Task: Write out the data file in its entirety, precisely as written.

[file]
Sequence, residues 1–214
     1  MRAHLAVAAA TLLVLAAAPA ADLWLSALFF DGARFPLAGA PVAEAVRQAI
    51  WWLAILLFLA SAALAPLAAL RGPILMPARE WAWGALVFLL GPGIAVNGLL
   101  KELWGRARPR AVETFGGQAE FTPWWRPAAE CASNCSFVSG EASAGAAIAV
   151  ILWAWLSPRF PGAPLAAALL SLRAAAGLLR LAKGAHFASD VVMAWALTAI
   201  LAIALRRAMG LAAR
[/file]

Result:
Sequence, residues 1–214
     1  MRAHLAVAAA TLLVLAAAPA ADLWLSALFF DGARFPLAGA PVAEAVRQAI
    51  WWLAILLFLA SAALAPLAAL RGPILMPARE WAWGALVFLL GPGIAVNGLL
   101  KELWGRARPR AVETFGGQAE FTPWWRPAAE CASNCSFVSG EASAGAAIAV
   151  ILWAWLSPRF PGAPLAAALL SLRAAAGLLR LAKGAHFASD VVMAWALTAI
   201  LAIALRRAMG LAAR